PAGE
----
It may have been a miscalculation to entrust the adaptation chores to screenwriter William Goldman, because a theatre audience does not have the benefit of seeing a character in peril, in close-up. Perhaps director Will Frears wasn’t able to master the challenge of presenting what is, in essence, a ‘small’ story in the cavernous Broadhurst Theatre, seating capacity 1,186, which was built in 1917 to accommodate both dramas and musicals. In hindsight, it’s ironic that the character Willis portrays tells Annie ‘You have saved me.” If only . . .
And finally, the happiest feet of all, the ones tap, tap, tapping away on the boards at the Helen Hayes Theatre, in service to “Dames at Sea.” When this spunky little rhinestone first glistened downtown at the legendary Cafe Cino fifty years ago, the concept was fresh: marry the send-up style that takes aim at the gee-whiz movie musicals of the thirties, and the can-do-without spirit of summer stock. Result: a six-person cast, a reinforced cardboard set, pastel-based costumes, and eight musicians in the pit. And the book? It’s about the girl [one of the ‘another hundred who got off of the train’] who wowed ’em back home in her high school revue, and zeroed in on the closest theatre in Times Square, the minute her time-stepping tootsies hit the pavement. And as luck [or in this case, a gob named Lucky] would have it, our heroine Ruby [monikered in a tribute to Ruby Keeler], crosses paths with a couple of honest-to-goodness sailors, one of whom is Ruby’s love at first sight gag.
When Jim Wise [music] and the writing team of George Haimsohn and Robin Miller [book and lyrics] created “Dames at Sea,” the practice of milking Hollywood oldies was still new. Today, it’s de rigueur for any collection of ambitious musicals-inclined group of kids with a piano, a barn and three summer months to play around in. And some of the songs the show introduced have taken up permanent residence in the repertoires of songsters of a certain age, including “Broadway Baby,” “It’s You” and “That Mister Man of Mine.”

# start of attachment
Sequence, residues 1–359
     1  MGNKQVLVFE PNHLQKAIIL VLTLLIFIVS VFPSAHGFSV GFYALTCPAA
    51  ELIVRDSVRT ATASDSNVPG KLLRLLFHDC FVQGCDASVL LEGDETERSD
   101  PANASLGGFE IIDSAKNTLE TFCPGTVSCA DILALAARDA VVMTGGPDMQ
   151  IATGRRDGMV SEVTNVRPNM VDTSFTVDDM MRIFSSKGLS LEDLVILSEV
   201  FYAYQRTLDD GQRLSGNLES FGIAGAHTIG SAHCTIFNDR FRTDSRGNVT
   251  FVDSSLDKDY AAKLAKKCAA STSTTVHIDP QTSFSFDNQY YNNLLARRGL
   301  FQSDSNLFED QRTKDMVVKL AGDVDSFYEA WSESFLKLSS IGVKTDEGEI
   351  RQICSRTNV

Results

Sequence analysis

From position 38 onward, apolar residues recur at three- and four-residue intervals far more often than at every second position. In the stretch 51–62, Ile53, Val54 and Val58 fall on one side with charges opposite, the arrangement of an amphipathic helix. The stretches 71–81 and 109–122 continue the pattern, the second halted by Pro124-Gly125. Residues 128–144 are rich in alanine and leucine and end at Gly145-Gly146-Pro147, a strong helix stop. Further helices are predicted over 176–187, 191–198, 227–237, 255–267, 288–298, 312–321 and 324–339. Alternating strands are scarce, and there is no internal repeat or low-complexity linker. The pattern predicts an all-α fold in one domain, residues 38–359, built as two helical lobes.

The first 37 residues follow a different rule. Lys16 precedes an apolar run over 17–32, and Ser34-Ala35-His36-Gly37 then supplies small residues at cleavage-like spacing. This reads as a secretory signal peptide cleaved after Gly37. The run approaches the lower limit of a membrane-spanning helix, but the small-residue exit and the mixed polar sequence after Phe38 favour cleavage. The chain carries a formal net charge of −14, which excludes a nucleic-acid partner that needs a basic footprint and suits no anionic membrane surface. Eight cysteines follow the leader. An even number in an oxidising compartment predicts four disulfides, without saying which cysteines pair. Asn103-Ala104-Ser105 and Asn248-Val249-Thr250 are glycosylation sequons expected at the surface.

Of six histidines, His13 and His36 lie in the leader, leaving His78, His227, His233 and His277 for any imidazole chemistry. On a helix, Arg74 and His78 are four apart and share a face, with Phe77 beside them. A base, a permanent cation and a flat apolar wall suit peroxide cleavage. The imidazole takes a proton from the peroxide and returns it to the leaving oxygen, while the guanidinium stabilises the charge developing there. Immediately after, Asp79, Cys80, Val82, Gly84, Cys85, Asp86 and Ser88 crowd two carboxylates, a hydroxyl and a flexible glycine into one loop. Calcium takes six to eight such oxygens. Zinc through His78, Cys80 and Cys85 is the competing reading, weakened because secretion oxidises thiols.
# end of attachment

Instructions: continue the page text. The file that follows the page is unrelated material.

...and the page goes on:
And when the show Ruby has been tapped to step into loses its lease on a theatre, Act Two finds the undaunted troupe on the deck of those sailors’ battleship, giving it all they’ve got, and then some. All six cast members – John Bolton, Mara Davi, Danny Gardner, Eloise Kropp, Lesli Margherita and Cary Tedder – are proof that there is an ample supply of exceptional musical talent to be seen and heard within the eight square blocks around Times Square. Visiting “Dames at Sea” may not offer any surprises, but, hey! That’s the value, every now and again, of turning back the clock and settling in to a pastiche from the past. These happy feet will put a smile on your face.
Switching gears to elite feet, ’tis the season to bask in the collective glories of Tschaikovsky’s “The Nutcracker Ballet.” A filmed presentation of the George Balanchine interpretation will be screened in 27 metro-area movie houses on 12/5 (12:55 pm) and 12/10 (7 pm). Visit LincolnCenterAtTheMovies.org for details. And to see the New York city Ballet’s live production, which has begun its run, visit nycballet.com for details. . . . the 8Players theatre experience kicks off a limited engagement, now through January 23rd, at undisclosed locations in the Village and downtown Brooklyn. This immersive, interactive adventure immerses only eight audience members per show, as ever-changing plots challenge even the most veteran of theatre-goers, in scenarios such as ‘Girls Boarding School Melodrama’ and ‘Erotic Thrillers from the ’80s.’ If you are up to being stimulated, shocked and generally mind-tossed, visit www.8players.com to find out the whys and wherefores . . . and a gentle reminder to readers coming to Town during the holidays: many shows have expanded or altered performing schedules through January 1st. To find out about the weekly schedules for all shows, check out www.broadway.org.